And, in the wake of natural disaster and repentance new grain, wine, and oil will abound in Joel 2.  Divine mercy will follow divine judgment for those who repent.  That reading from Joel 2 leads into one of my favorite passages:

After that,

I will pour out My spirit on all flesh;

Your sons and daughters shall prophesy;

Your old men shall dream dreams,

And your young men shall see visions.

I will even pour out My spirit

Upon male and female slaves in those days.

–Joel 3:1-2, TANAKH:  The Holy Scriptures (1985)

This is a devotion for the first two days after the day of Pentecost.  The assigned readings fit the occasions well, for they remind us of the necessity of having a spiritual mindset if we are able to perceive spiritual matters properly then act accordingly.  The Holy Spirit speaks often and in many ways.  Are we listening?  And are we willing to act faithfully?

KENNETH RANDOLPH TAYLOR

FEBRUARY 25, 2016 COMMON ERA

THE FEAST OF SAINTS GREGORY OF NAZIANZUS THE ELDER, NONNA, AND THEIR CHILDREN:  SAINTS GREGORY OF NAZIANZUS THE YOUNGER, CAESARIUS OF NAZIANZUS, AND GORGONIA OF NAZIANZUS

THE FEAST OF ELIZABETH FEDDE, LUTHERAN DEACONESS

THE FEAST OF JOHN ROBERTS, EPISCOPAL MISSIONARY TO THE SHOSHONE AND ARAPAHOE

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Adapted from this post:

https://ordinarytimedevotions.wordpress.com/2016/02/25/devotion-for-monday-and-tuesday-after-pentecost-sunday-year-c-elca-daily-lectionary/

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Our Insufficiency and God’s Sufficiency   1 comment

Manna

Above:  Manna

Image in the Public Domain

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The Collect:

O God, eternal goodness, immeasurable love,

you place your gifts before us; we eat and are satisfied.

Fill us and this world in all its need with the life that comes only from you,

through Jesus Christ, our Savior and Lord.  Amen.

Evangelical Lutheran Worship (2006), page 44

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The Assigned Readings:

Numbers 11:16-23, 31-32 (Monday)

Deuteronomy 8:1-20 (Tuesday)

Psalm 107:1-3, 33-43 (Both Days)

Ephesians 4:17-24 (Monday)

1 Corinthians 12:27-31 (Tuesday)

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Whoever is wise will ponder these things,

and consider well the mercies of the LORD.

–Psalm 107:43, The Book of Common Prayer (1979)

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Sometimes the Bible harps on a theme, repeating itself.  I notice this most readily while following a well-constructed lectionary and trying to find new ways to make one post in a series based on that lectionary read differently than some of its preceding posts.  This is easier on some occasions than on others.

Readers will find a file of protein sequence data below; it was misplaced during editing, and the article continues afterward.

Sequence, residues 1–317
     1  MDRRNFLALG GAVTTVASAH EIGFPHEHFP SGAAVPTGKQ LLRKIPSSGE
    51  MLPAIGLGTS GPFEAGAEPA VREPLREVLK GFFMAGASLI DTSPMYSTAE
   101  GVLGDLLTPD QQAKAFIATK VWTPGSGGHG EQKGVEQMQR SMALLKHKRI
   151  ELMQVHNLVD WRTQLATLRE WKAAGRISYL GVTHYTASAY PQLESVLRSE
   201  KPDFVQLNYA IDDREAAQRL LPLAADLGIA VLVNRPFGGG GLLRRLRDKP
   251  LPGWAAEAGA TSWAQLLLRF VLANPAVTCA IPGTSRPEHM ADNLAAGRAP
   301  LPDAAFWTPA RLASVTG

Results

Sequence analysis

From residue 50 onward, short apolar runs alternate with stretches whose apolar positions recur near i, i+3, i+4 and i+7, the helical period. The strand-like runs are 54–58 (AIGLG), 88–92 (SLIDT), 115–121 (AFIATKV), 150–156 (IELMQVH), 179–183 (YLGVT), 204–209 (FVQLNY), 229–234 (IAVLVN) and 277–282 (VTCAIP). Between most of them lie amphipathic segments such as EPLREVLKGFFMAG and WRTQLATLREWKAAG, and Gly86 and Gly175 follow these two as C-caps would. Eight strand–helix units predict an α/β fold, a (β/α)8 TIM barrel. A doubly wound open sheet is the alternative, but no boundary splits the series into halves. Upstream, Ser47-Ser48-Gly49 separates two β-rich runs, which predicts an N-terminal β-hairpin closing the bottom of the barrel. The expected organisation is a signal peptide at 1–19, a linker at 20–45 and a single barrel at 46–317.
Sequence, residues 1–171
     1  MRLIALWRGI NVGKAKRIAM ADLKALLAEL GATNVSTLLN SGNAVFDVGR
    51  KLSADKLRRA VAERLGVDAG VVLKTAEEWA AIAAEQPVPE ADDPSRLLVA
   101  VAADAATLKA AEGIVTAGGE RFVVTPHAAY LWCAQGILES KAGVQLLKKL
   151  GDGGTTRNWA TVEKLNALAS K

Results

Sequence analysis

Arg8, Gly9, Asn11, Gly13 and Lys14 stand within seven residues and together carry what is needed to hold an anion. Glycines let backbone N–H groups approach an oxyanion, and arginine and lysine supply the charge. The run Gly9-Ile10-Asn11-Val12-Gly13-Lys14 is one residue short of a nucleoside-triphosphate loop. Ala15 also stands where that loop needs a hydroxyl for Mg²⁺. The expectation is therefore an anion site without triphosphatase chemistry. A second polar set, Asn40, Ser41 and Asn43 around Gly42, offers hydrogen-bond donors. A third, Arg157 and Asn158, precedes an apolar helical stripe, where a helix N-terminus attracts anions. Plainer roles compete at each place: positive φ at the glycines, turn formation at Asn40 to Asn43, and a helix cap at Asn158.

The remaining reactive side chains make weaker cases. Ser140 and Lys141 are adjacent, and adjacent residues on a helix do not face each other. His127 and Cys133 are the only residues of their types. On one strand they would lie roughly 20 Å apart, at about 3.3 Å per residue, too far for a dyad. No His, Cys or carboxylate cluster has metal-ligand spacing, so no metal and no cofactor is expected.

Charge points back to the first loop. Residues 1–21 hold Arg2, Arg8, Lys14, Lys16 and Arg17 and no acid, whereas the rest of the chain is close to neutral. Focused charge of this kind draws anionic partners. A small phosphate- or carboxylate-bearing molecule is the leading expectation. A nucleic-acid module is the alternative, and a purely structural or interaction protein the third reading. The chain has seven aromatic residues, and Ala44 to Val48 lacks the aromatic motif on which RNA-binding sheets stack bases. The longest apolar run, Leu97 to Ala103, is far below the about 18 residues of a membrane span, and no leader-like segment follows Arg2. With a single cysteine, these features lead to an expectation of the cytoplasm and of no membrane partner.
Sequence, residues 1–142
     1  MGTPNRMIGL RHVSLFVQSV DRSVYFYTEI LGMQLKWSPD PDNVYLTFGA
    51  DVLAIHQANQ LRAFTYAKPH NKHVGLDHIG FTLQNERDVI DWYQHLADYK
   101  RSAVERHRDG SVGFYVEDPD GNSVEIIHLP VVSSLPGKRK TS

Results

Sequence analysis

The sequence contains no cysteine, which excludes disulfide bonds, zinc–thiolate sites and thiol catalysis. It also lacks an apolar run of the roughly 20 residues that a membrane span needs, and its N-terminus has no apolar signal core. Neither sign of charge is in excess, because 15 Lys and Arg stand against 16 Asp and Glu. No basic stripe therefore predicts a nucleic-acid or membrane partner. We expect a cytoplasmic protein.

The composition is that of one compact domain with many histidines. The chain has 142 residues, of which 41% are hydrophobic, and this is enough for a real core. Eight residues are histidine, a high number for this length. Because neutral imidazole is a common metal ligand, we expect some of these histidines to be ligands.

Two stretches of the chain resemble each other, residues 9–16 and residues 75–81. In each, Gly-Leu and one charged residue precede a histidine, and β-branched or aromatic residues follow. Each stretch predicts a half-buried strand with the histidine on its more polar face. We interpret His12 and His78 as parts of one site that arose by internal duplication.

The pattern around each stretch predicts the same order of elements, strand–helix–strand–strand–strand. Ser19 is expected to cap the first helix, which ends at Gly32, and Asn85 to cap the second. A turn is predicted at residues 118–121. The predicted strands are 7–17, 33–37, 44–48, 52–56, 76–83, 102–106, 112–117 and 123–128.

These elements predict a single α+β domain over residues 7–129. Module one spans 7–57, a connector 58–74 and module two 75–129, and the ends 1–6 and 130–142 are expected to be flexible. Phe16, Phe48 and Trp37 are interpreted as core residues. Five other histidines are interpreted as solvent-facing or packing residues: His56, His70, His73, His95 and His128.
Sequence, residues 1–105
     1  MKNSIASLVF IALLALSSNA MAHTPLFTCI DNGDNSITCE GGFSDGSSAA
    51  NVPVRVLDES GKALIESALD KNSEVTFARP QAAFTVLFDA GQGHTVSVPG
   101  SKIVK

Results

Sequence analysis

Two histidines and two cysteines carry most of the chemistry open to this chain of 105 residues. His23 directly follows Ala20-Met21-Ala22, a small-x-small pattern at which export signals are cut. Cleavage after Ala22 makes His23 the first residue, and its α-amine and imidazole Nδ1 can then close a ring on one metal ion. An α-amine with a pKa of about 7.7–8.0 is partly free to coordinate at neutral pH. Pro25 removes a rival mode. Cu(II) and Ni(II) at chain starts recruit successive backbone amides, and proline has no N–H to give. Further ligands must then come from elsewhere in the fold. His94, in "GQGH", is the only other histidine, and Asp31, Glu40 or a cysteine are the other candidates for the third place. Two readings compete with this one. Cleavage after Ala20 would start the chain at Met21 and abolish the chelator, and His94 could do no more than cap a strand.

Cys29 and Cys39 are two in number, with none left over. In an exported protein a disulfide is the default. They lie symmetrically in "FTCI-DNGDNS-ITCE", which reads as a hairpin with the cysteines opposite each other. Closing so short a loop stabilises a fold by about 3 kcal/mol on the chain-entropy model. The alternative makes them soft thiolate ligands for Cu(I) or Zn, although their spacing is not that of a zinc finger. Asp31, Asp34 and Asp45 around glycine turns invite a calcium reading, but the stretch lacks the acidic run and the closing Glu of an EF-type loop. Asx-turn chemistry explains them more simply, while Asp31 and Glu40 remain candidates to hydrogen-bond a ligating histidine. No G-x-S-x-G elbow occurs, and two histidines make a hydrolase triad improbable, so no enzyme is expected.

The repeated theme this time is that we humans depend on God for everything, rely on each other, and are responsible to and for each other.  I have written about this many times, including in the previous post.  We ought not to cling to the idol of self-sufficiency, the assigned readings tell us.  No, we have a responsibility to trust and obey God, who is faithful to divine promises.  God, who fed the former Hebrew slaves in the desert, calls people to lead holy lives marked by the renewing of minds and the building up of the community of faith.  Love–agape–in 1 Corinthians 13, which follows on the heels of the reading from 1 Corinthians 12, is selfless, self-sacrificial love, a virtue greater than faith and hope.

If acceptance of our insufficiency injures our self-esteem, so be it.  Humility is a virtue greater than ego.  Actually, a balanced ego–a realistic sense of oneself–is a virtue which includes humility.  Raging egos and weak egos are problems which lead to the same results–destroyed and missed opportunities, lives of selfishness, and the failure to acknowledge one’s complete dependence on God.  The desire to build up oneself at the expense of others damages not only one but the group(s) to which one belongs and the people around one.

May the love which 1 Corinthians 13 describes define our lives, by grace.  May acceptance of our total dependence upon God, our reliance upon each other, and our responsibilities to and for each other define our lives, by grace.  And may a faithful walk with God, who is trustworthy, define our lives, by grace.

KENNETH RANDOLPH TAYLOR

APRIL 6, 2015 COMMON ERA

THE FEAST OF SAINT MARCELLINUS OF CARTHAGE, ROMAN CATHOLIC MARTYR

THE FEAST OF DANIEL G. C. WU, EPISCOPAL PRIEST AND MISSIONARY TO CHINESE AMERICANS

THE FEAST OF FREDERIC BARKER, ANGLICAN BISHOP OF SYDNEY

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Adapted from this post:

https://ordinarytimedevotions.wordpress.com/2015/04/06/devotion-for-monday-and-tuesday-after-proper-13-year-b-elca-daily-lectionary/

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Love and Forgiveness   1 comment

Christ Pantocrator

Above:  Christ Pantocrator

Image in the Public Domain

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The Collect:

Almighty God, we thank you for planting in us the seed of your word.

By your Holy Spirit help us to receive it with joy,

live according to it, and grow if faith and love,

through Jesus Christ, our Savior and Lord.  Amen.

Evangelical Lutheran Worship (2006), page 42

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The Assigned Readings:

Isaiah 52:1-6

Psalm 65:[1-8], 9-13

John 12:44-50

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Isaiah 52:1-6 speaks of a time, in our past yet in the original audience’s future, when foreigners would no longer hold sway in Jerusalem.  One might imagine faithful Jews saying, in the words of Psalm 65:1,

You are to be praised, O God, in Zion;

to you shall vows be performed in Jerusalem.